The E. Ike Eshaghian Foundation has given $1.8 million to the American Technion Society to help kidney research at the Technion-Israel Institute of Technology in Haifa.
The grant will be used for three core projects that address the causes and complications of a broad range of kidney disease, according to the release from the Technion society.
The foundation was started by the late Eshagh Eshaghian, who was trained as a petro-chemical engineer at the University of Texas, made his fortune in the antiques business and later in real estate.
Here’s the release:
Gift from Eshaghian Foundation Helps Link Genetics and Kidney Disease
NEW YORK, NY (May 15, 2009) — A $1.8 million gift to The American Technion Society (ATS) from the E. Ike Eshaghian Foundation in memory of its namesake, Eshagh Eshaghian, and his first wife, Ashraf of New York, will support kidney disease research at the Haifa-based Technion-Israel Institute of Technology.
The Eshagh and Ashraf Eshaghian Genetics of Kidney Disease Research Fund will help Technion scientists study the disease, which remains under-diagnosed and under-treated even in sophisticated healthcare settings, let alone in poorer countries. "My husband Eshagh had an affinity for high technology and science ever since he was a young man in Tehran," said his second wife, Mahrokh Songhorian Eshaghian, who facilitated completion of the gift.
The Eshaghian Fund will be used primarily to support three core projects that address the causes and complications of a broad range of kidney disease. Specifically, research will explore the role of mitochondrial DNA in renal failure, the role of genes regulating calcium and phosphate levels in kidney disease, and the genetics of kidney stone disease and hereditary disorders of renal tubule function.
Research will be coordinated and led by Prof. Karl Skorecki of the Technion Faculty of Medicine nephrology department, along with medical professionals from affiliated hospitals. Prof. Skorecki has an extensive track record of clinical and research accomplishments in both nephrology and genetics, and is well known for his breakthrough work with stem cells.
The projects emanate from recent developments in human genetics, in which Technion scientists have played a major role, and will serve as a template for continuing research in related areas. Findings by Prof. Skorecki and colleagues could lead to potential solutions that will have a general public health impact — identifying mechanisms that protect individuals from the debilitating, often catastrophic disease.
Mr. Eshaghian, himself a recipient of a kidney transplant, was a Jewish immigrant from Tehran who came to the United States as a young adult in the early 1950s to follow his dream of a career in science and technology.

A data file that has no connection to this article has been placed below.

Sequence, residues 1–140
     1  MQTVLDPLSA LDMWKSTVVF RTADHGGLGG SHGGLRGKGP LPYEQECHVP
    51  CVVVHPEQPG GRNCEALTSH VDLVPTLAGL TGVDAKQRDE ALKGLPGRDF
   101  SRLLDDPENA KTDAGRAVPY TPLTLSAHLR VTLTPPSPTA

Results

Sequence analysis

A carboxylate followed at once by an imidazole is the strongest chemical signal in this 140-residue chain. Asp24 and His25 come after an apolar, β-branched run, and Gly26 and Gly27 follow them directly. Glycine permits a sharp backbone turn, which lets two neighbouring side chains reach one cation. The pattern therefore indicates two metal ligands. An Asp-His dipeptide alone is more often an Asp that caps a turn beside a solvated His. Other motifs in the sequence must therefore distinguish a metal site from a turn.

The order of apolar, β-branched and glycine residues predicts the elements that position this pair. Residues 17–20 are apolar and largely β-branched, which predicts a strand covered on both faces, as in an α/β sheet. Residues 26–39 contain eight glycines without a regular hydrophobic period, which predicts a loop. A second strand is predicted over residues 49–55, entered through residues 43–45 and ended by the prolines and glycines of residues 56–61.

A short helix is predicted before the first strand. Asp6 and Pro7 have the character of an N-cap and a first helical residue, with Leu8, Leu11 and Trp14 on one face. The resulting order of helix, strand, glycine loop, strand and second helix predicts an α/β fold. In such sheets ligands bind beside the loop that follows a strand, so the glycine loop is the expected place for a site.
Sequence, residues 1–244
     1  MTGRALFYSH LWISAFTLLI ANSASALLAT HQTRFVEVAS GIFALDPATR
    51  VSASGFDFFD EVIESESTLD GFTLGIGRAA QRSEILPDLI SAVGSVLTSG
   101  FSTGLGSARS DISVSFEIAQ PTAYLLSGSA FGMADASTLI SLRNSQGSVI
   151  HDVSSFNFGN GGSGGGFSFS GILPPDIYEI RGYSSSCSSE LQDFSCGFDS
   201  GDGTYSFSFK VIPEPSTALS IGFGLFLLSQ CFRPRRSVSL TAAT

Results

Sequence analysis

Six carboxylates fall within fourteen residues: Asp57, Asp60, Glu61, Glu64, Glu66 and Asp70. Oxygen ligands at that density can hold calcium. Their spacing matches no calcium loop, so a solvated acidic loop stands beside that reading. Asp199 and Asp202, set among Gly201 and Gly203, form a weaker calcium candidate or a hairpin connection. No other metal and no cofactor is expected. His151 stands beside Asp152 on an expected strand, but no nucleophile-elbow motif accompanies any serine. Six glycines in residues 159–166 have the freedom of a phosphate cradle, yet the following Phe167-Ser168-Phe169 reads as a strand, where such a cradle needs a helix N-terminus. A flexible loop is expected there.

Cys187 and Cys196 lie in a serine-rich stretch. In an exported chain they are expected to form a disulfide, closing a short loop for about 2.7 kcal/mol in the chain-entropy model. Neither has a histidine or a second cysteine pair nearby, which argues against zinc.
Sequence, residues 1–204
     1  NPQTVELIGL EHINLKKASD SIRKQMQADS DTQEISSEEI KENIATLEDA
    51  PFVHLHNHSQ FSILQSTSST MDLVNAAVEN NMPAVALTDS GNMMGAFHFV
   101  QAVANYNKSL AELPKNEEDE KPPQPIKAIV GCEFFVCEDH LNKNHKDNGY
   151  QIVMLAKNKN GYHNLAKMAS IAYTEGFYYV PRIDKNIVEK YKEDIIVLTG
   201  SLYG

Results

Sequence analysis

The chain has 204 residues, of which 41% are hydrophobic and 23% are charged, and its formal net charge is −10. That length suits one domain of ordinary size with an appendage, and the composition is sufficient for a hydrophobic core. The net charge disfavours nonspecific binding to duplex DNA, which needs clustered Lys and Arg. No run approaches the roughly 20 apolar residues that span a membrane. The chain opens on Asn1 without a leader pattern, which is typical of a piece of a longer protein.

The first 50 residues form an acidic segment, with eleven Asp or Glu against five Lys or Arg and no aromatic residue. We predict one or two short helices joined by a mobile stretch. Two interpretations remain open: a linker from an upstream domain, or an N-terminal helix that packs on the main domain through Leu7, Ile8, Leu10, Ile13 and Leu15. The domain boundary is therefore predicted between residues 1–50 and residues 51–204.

After earning his master’s degree from the University of Texas at Austin, he spent several years as a petro-chemical engineer. Later, Mr. Eshaghian’s family followed him, settling in New York City, where he eventually joined their burgeoning carpet and antique business. He spent the last 25 years of his life as a partner with his father and brother in their real estate development and management firm.
Throughout his varied career, Mr. Eshaghian maintained an active interest in scientific pursuits along with a belief in and love for higher education, and often shared his enthusiasm with his rabbi. It was during these conversations that he learned about the Technion.
"He wanted to make a difference, to help Israel. Our rabbi told Eshagh about the Technion’s achievements in science and technology, and how they were helping Israel become a leader in the field," noted Mahrokh.
According to the Journal of the American Medical Association, an estimated 13% of American adults — more than 26 million people — are living with kidney disease, and most are unaware of their condition. This figure is up 30% from previous estimates.
There are nearly half a million patients on dialysis in the United States alone, with tens of thousands awaiting transplants. Transplant waiting times worldwide have increased steadily and are now measured in years, with many patients dying before receiving a kidney transplant.
The Technion-Israel Institute of Technology is Israel’s leading science and technology university. Home to the country’s winners of the Nobel Prize in science, it commands a worldwide reputation for its pioneering work in nanotechnology, computer science, biotechnology, water-resource management, materials engineering, aerospace, and medicine. The majority of founders and managers of Israel’s high-tech companies are alumni.
Based in New York City, the American Technion Society (ATS) is the leading American organization supporting higher education in Israel, with offices around the country.